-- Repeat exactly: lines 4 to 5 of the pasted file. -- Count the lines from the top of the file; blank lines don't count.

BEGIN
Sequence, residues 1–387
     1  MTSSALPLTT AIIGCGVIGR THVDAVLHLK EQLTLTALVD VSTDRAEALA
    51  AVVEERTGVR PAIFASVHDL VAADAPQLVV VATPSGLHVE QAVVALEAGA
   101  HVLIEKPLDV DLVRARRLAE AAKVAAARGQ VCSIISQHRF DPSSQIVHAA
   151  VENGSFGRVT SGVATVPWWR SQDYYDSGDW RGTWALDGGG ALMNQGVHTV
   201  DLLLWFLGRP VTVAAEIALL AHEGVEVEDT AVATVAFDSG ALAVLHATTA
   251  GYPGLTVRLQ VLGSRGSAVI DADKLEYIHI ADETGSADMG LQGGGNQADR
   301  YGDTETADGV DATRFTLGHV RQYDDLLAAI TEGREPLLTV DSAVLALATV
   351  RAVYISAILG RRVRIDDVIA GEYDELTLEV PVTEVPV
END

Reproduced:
   101  HVLIEKPLDV DLVRARRLAE AAKVAAARGQ VCSIISQHRF DPSSQIVHAA
   151  VENGSFGRVT SGVATVPWWR SQDYYDSGDW RGTWALDGGG ALMNQGVHTV